This is Part 2 of a series so if you haven’t already, read Binge Eating is Caused by Dieting, Part 1.
In Part 1 of this series, we looked at how extreme dieting sends signals to your brain to binge eat. These signals feel like urges to eat large amounts of food in a short span of time, uncontrollably, often alone, and often followed by feelings of regret, shame, and guilt.
It is dieting–extreme calorie restriction, that prompts the very first urge to binge eat, and it is likely that if you never felt the urge to binge, you never would.
Bingeing begins when you act on the urge to binge. Binge urges are not the same as urges to eat regular meals and snacks. They are overwhelming and consuming thoughts to eat in a trance-like state. Often on foods that you have been restricting, often alone, often very quickly, often in fear. It usually doesn’t start with the thought, “I will binge eat” (but it certainly can). It might start with the thought, “I will have a little of this“, and then “Just a little more” and then, “I cannot seem to stop and I don’t want to and I may as well keep eating and start again on my diet tomorrow.”
Binge eating has multiple effects on the body. It rapidly increases insulin and floods the brain with pleasure chemicals, called dopamine (people tend to choose palatable foods to binge on, examples being foods combining high ratios of fat and sugar, which are pleasurable). It initially feels relieving to binge because you have been starving on such an extremely low amount of food, and bingeing often (but not always) includes foods that a dieter restricts or limits. It often feels like an out-of-body experience–you’re eating, but it doesn’t feel like you and even if you think you should stop, you usually continue until you physically cannot eat another bite.
Afterwards you regain your senses and feel like yourself again, but now you also feel overly full, bloated, tired, foggy, moody, and glad you no longer have to fight the urge to binge. You may also feel regret, shame, guilt, and confusion as to why you just ate so much. You might vow to never binge again. The opposing feelings of relief and regret may have a very negative impact on you and it’s common to associate the foods binged on with these negative feelings.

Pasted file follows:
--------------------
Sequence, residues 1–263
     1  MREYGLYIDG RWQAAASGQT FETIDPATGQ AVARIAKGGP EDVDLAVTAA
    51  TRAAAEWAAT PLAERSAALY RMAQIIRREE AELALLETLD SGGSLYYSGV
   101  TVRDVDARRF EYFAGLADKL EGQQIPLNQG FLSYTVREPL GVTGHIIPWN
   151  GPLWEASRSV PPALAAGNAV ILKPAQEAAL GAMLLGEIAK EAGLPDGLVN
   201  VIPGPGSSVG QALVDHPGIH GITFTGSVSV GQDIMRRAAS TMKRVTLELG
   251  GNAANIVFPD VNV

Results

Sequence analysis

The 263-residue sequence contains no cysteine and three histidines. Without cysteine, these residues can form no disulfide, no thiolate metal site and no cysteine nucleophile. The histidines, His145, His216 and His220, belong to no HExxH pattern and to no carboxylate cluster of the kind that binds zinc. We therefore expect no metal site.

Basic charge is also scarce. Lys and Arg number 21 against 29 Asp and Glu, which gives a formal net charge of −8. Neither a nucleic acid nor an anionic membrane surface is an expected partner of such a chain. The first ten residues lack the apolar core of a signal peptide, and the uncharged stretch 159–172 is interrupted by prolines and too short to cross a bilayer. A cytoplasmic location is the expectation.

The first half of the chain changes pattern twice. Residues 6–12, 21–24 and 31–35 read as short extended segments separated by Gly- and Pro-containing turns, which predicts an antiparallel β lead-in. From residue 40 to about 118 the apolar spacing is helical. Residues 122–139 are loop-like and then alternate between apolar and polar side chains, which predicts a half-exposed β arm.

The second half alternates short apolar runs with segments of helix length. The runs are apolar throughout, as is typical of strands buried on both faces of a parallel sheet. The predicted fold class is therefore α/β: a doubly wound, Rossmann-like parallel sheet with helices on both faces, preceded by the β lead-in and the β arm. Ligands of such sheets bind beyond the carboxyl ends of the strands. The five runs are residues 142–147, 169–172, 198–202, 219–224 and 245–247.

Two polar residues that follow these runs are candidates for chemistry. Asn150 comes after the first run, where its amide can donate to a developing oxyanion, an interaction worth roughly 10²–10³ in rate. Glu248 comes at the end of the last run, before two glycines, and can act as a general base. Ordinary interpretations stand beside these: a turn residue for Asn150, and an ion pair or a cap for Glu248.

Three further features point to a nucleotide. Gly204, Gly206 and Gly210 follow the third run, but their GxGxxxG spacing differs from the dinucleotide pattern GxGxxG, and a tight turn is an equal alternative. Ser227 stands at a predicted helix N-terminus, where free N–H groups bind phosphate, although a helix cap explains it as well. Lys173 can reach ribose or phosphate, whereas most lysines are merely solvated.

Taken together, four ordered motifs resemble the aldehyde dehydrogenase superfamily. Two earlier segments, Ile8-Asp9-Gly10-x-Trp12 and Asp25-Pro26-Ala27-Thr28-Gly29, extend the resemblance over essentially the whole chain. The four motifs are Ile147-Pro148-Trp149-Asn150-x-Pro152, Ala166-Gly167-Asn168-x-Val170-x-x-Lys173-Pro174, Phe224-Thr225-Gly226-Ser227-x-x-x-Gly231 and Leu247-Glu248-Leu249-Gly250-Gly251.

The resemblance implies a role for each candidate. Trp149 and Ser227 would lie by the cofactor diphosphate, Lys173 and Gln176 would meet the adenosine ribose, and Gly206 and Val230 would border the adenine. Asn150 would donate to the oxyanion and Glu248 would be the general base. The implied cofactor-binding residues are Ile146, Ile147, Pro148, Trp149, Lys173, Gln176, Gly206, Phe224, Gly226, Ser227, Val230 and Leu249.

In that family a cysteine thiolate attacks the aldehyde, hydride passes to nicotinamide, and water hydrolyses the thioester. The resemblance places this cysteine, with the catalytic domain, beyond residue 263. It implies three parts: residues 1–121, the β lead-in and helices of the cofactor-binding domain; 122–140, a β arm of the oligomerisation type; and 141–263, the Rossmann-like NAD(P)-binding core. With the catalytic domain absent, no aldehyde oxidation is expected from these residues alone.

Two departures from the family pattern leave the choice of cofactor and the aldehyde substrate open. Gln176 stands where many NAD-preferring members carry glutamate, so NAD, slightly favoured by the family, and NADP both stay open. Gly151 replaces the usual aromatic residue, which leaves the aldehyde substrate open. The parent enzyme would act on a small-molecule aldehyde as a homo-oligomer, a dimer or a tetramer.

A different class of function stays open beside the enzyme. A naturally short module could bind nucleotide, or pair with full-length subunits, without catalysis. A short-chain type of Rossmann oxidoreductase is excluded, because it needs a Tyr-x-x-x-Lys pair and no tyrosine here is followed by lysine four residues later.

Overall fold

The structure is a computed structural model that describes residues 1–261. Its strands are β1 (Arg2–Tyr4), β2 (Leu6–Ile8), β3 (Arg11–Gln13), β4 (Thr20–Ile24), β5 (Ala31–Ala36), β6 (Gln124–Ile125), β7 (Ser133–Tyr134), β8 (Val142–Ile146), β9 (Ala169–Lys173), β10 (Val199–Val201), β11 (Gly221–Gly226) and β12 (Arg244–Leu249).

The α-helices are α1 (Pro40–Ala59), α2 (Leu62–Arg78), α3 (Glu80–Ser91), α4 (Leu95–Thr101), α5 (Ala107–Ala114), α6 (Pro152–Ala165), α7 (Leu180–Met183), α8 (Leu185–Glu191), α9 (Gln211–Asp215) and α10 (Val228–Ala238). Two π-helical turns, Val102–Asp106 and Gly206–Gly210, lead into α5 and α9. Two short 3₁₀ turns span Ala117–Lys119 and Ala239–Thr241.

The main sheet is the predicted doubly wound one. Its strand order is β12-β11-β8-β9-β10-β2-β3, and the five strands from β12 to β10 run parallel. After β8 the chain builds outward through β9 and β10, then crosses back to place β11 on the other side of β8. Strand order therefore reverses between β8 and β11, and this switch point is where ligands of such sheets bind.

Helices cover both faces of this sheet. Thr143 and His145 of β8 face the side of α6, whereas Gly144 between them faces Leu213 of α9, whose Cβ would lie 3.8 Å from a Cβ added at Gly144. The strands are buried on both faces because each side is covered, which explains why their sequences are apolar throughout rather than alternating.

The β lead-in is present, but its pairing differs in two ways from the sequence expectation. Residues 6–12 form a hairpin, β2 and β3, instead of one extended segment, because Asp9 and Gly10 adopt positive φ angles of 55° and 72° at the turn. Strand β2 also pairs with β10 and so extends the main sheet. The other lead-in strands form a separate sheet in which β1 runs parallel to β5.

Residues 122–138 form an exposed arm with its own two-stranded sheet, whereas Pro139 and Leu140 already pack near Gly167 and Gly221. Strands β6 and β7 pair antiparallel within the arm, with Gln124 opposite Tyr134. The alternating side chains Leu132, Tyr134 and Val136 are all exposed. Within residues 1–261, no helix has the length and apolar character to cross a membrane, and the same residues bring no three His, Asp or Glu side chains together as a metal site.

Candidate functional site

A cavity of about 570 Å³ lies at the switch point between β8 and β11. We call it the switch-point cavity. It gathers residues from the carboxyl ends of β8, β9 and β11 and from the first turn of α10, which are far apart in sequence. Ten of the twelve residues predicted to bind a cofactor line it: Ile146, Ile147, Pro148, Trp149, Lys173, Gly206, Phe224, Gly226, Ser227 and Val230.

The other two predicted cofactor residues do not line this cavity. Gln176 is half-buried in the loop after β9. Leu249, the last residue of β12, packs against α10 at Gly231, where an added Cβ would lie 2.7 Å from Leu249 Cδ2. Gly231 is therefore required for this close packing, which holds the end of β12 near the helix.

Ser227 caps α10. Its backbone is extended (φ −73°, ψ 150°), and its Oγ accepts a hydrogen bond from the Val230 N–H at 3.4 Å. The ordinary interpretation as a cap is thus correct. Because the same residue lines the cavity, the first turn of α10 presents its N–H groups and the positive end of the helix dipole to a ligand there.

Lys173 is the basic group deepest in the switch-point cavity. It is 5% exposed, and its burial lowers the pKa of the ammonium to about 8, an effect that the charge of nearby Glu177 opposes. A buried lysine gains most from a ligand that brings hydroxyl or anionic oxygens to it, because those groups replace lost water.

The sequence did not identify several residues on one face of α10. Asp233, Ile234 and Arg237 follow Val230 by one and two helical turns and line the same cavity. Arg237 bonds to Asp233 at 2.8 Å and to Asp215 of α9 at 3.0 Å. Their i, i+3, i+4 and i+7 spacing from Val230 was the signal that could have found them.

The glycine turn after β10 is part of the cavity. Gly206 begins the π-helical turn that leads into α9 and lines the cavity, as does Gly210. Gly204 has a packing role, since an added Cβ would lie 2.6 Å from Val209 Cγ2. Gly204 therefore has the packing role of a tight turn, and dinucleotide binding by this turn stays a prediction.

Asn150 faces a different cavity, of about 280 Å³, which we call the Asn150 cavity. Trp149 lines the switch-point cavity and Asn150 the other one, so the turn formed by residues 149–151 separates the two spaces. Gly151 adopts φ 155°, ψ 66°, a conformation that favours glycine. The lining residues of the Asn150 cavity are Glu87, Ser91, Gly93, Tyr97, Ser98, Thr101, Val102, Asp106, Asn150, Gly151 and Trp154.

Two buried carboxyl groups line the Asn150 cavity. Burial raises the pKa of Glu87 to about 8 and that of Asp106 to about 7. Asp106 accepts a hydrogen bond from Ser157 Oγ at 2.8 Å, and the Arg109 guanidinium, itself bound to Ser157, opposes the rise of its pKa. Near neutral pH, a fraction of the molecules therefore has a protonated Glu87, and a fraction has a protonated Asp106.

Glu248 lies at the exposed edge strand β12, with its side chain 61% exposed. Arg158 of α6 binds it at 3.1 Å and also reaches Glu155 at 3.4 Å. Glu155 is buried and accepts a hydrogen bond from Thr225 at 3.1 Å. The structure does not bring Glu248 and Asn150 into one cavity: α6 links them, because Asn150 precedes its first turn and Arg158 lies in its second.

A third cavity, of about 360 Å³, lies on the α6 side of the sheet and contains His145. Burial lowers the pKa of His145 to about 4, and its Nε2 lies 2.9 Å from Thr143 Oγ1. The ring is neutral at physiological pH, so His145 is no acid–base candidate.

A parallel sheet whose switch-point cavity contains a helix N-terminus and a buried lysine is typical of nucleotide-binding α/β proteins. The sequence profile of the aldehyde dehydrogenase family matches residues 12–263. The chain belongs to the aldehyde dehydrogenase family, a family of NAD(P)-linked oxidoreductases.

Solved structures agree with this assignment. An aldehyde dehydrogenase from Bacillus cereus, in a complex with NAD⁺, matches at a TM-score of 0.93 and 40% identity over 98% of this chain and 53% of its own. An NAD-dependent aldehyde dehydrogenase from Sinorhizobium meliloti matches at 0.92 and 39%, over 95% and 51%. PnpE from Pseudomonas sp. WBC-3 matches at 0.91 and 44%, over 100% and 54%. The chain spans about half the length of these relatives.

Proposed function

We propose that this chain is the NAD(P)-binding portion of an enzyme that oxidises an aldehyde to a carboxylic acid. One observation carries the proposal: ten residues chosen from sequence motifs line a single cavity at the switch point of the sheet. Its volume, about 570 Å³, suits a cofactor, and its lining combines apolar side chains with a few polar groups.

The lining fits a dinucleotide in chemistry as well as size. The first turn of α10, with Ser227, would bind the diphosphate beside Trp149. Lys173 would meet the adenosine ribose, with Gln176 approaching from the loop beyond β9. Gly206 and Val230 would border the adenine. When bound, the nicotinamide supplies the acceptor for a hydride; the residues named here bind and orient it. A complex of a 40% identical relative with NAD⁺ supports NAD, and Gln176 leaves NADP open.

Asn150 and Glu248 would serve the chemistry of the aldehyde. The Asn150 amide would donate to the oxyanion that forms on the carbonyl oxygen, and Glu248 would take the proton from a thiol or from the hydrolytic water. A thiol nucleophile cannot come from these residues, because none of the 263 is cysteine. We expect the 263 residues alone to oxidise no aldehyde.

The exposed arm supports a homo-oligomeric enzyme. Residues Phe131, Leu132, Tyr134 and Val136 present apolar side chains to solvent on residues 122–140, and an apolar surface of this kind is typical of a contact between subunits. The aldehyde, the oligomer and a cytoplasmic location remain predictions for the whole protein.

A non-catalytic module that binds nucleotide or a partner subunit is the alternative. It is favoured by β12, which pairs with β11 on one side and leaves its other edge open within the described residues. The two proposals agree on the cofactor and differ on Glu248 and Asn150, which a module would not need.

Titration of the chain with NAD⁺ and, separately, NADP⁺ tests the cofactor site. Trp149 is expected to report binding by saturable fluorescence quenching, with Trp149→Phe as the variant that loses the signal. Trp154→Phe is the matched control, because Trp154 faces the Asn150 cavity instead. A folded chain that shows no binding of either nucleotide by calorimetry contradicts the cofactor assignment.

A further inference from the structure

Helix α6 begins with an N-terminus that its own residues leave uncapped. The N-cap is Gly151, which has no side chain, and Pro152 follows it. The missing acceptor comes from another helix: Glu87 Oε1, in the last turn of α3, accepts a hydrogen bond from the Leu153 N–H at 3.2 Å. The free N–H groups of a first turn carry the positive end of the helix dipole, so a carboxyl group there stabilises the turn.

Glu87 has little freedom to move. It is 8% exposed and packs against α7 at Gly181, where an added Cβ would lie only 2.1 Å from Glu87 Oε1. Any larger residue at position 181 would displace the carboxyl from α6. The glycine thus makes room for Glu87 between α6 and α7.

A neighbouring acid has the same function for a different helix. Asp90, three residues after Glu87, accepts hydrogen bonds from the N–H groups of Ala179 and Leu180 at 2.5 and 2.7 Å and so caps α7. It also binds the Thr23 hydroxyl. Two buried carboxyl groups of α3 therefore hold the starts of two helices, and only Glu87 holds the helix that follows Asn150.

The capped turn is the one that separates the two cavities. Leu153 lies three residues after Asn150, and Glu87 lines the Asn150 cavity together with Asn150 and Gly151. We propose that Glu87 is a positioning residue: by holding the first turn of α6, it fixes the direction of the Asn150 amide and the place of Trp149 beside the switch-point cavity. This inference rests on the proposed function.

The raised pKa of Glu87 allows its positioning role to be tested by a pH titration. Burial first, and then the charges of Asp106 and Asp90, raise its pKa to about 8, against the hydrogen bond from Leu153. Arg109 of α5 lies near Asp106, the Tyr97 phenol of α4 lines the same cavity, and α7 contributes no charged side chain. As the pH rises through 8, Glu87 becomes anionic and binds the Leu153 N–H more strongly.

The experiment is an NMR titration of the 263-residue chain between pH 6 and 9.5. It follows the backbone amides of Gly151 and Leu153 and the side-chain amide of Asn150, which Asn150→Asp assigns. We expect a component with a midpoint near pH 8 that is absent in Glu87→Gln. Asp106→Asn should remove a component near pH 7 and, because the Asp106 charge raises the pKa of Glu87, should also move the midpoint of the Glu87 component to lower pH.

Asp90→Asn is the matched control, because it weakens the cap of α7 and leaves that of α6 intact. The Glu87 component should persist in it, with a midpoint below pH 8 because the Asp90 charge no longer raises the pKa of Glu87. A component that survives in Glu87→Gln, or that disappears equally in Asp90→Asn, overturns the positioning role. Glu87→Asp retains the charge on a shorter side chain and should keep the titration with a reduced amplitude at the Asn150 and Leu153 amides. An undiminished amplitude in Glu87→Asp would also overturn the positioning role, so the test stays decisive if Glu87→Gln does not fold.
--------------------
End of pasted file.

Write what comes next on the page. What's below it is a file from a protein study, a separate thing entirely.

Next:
There are many emotional layers involved in physically under and overeating.
To compensate for the reckless eating, most purge. Purging is any attempt to undo the damage of eating too much during a binge. It could be self-inflicted vomiting, but it could also be over-exercising, laxative use, or fasting.
When you resume eating after purging, you likely feel motivated to resume dieting so just like in the beginning, you eat restrictively and not enough. Your brain, again, senses something is not right and assumes you are starving all over again.
You aren’t starving. You may have even gained weight from binge eating, but the brain quickly senses the repeated period of food restriction. It thinks you are starving.
So, in an effort to disrupt starving, it again, sends signals to binge eat.
Followed by regret and compensation, followed by another urge to binge.
And the cycle continues.
This is the habit of binge eating. Once it is activated, and every additional time it done, it is reinforced in your brain to do it again, even though it has negative consequences.
To end the habit of binge eating, it will require determination to stop restrictive dieting and return to eating enough food throughout the day. This may feel threatening to someone who is already fearful of weight gain, and may seem like an absurd solution.
But this is absolutely necessary to end the diet, restrict, and binge cycle!
In Part 3, we will go over how eating more will help lesson the brain-established pattern of binge urges, and a few common myths that keep people from the commitment to actually stop binge eating.
What do you think of binge eating being a habit formed by the brain to prevent starvation? Do you agree or disagree?
Leave a comment to share your thoughts!
Image from Tumblr.